Project description:Receptor trafficking is pivotal for the temporal and spatial control of GPCR signaling and is regulated by multiple cellular proteins. We provide evidence that GPCRs interact with 14-3-3 signal adaptor/scaffold proteins and that this interaction regulates receptor trafficking in two ways. We found GPCR/14-3-3 interaction signals can be agonist-induced or agonist-inhibited. Some GPCRs associate with 14-3-3 proteins at the cell membrane and agonist treatments result in disrupted GPCR/14-3-3 interaction signals. The diminished GPCR/14-3-3 interaction signals are temporally correlated with increased GPCR/β-arrestin interaction signals in response to agonist treatment. Other GPCRs showed agonist-induced GPCR/14-3-3 interaction signal increases that occur later than agonist-induced GPCR/β-arrestin interaction signals, indicating that GPCR/14-3-3 interaction occurred after receptor endocytosis. These two types of GPCR/14-3-3 interaction patterns correlate with different receptor trafficking patterns. In addition, the bioinformatic analysis predicts that approximately 90% of GPCRs contain at least one putative 14-3-3 binding motif, suggesting GPCR/14-3-3 association could be a general phenomenon. Based on these results and collective evidence, we propose a working model whereby 14-3-3 serves as a sorting factor to regulate receptor trafficking.
Project description:The proton-sensing GPCRs (pH-GPCRs) GPR4 (GPR19), TDAG8 (GPR65, T-cell death associated gene 8), OGR1 (GPR68, ovarian cancer GPCR1), and G2A (GPR132, G2 accumulation protein) are involved in sensing and transducing changes in extracellular pH (pHe). Extracellular acidification is a central hallmark of solid cancer. pH-GPCR function has been associated with cancer cell proliferation, adhesion, migration and metastasis, as well as with modulation of the immune system. Little is known about the expression levels and role of pH-GPCRs in skin cancer. To better understand the functions of pH-GPCRs in skin cancer in vivo, we examined the expression-profiles of GPR4, TDAG8, OGR1 and G2A in four common skin tumors, i.e. squamous cell carcinoma (SCC), malignant melanoma (MM), compound nevus cell nevi (NCN), basal cell carcinoma (BCC). We performed immunohistochemistry and immunofluorescence staining on paraffin-embedded tissue samples acquired from patients suffering from SCC, MM, NCN or BCC. We show the expression of pH-GPCRs in four common skin cancers. Different expression patterns in the investigated skin cancer types indicate that the different pH-GPCRs may have distinct functions in tumor progression and serve as novel therapeutic targets.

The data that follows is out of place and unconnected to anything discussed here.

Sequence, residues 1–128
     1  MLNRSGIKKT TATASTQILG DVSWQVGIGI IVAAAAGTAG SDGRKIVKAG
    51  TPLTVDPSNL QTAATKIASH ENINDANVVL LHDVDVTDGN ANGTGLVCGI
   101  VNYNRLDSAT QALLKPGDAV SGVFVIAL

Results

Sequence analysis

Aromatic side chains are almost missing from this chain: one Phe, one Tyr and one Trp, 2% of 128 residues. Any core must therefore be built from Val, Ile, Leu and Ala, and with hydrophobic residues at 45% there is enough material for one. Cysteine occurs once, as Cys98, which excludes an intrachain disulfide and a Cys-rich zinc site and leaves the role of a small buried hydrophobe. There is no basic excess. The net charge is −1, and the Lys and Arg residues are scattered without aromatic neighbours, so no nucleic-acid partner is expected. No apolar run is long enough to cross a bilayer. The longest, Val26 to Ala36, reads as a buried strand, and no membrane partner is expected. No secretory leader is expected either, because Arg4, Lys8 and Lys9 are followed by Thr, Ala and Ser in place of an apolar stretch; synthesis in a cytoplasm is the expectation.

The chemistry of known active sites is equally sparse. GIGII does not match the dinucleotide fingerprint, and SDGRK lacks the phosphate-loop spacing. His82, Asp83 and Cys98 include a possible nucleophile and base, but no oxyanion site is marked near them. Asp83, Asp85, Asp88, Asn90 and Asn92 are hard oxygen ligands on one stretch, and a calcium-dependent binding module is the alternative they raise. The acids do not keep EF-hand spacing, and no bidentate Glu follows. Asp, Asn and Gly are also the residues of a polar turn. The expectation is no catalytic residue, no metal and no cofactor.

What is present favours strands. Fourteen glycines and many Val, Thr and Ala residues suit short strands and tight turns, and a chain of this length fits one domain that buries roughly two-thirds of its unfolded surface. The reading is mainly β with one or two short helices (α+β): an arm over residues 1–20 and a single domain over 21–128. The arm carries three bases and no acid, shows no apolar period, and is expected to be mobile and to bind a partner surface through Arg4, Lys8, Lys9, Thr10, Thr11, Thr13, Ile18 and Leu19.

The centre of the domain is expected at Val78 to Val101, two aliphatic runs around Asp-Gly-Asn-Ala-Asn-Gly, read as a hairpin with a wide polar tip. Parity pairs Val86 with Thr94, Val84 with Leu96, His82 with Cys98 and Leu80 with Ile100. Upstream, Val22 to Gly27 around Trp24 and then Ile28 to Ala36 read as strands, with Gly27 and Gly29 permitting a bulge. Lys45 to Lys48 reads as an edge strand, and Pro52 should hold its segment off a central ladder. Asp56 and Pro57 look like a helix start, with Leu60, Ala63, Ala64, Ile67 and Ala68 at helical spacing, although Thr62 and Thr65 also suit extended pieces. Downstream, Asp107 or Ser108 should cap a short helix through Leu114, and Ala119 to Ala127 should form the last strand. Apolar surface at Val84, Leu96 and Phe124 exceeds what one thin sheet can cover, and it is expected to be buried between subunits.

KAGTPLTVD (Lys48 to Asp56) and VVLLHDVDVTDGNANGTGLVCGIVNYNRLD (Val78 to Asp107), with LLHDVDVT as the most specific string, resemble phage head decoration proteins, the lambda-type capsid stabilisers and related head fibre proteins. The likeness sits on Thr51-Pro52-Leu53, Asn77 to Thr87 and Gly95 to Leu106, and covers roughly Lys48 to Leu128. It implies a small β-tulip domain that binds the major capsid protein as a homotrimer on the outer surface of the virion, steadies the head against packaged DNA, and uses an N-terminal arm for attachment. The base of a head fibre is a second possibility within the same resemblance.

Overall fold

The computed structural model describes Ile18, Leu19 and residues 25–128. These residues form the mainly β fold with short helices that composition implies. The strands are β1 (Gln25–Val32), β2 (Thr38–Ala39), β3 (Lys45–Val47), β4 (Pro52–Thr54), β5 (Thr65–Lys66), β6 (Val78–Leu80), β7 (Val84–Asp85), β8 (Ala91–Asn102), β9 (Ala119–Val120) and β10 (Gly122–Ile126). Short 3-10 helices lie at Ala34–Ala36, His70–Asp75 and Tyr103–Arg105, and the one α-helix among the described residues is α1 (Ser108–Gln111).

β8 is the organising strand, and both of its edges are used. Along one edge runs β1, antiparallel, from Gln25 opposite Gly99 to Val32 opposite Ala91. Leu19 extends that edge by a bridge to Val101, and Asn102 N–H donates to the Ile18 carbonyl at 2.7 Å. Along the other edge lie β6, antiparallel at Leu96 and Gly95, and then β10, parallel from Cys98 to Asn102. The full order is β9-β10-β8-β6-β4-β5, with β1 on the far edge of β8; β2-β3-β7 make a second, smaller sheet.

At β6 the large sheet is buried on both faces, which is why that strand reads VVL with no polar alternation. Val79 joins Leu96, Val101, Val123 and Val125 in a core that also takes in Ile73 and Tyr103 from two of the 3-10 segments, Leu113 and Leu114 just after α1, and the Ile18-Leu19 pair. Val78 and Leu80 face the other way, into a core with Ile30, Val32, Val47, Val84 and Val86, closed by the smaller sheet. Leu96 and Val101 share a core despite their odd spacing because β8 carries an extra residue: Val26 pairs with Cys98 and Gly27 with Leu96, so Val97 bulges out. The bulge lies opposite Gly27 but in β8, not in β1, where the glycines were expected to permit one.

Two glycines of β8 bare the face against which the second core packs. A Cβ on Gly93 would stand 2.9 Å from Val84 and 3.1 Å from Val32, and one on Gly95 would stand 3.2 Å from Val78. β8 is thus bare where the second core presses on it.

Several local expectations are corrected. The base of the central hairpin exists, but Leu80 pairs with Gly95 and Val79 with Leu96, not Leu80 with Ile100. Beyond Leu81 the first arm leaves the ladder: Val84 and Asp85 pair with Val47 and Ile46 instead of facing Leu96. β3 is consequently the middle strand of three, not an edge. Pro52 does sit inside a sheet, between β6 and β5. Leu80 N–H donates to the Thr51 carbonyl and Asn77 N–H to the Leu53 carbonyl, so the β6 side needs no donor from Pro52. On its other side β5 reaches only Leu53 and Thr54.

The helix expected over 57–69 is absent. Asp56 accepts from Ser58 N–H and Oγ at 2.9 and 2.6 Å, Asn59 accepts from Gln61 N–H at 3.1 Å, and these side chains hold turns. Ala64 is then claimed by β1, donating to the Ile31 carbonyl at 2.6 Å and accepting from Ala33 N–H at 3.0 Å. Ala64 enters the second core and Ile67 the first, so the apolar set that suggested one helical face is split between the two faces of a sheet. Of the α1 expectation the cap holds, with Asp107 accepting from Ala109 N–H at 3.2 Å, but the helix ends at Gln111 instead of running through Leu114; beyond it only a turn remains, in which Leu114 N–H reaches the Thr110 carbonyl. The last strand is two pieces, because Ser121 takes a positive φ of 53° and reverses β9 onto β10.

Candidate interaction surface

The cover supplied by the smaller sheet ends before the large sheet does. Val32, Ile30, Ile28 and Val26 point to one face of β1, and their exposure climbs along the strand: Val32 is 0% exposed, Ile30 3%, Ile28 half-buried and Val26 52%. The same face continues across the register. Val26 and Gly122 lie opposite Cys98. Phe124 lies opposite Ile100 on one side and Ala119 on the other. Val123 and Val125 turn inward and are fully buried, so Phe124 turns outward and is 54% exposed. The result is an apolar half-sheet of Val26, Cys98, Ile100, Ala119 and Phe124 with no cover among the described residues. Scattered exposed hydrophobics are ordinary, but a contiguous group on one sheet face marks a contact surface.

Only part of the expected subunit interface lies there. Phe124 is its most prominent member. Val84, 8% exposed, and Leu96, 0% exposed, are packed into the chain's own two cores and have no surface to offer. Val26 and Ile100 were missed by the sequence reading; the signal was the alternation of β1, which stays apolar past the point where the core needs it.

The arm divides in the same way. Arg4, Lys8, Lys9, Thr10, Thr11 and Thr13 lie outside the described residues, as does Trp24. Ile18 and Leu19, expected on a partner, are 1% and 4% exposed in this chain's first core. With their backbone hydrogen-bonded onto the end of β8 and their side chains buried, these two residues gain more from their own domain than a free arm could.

Project description:The past decade has witnessed remarkable progress in the determination of G protein-coupled receptor (GPCR) structures, profoundly expanding our understanding of how GPCRs recognize ligands, become activated, and interact with intracellular signaling components. In recent years, numerous studies have used solution nuclear magnetic resonance (NMR) spectroscopy to investigate GPCRs, providing fundamental insights into GPCR conformational changes, allostery, dynamics, and other facets of GPCR function are challenging to study using other structural techniques. Despite these advantages, NMR-based studies of GPCRs are few relative to the number of published structures, due in part to the challenges and limitations of NMR for the characterization of large membrane proteins. Several studies have circumvented these challenges using a variety of isotopic labeling strategies, including side chain derivatization and metabolic incorporation of NMR-active nuclei. In this chapter, we provide an overview of different isotopic labeling strategies and describe an in-depth protocol for the expression, purification, and NMR studies of the chemokine GPCR atypical chemokine receptor 3 (ACKR3) via 13CH3-methionine incorporation. The goal of this chapter is to provide a resource to the GPCR community for those interested in pursuing NMR studies of GPCRs.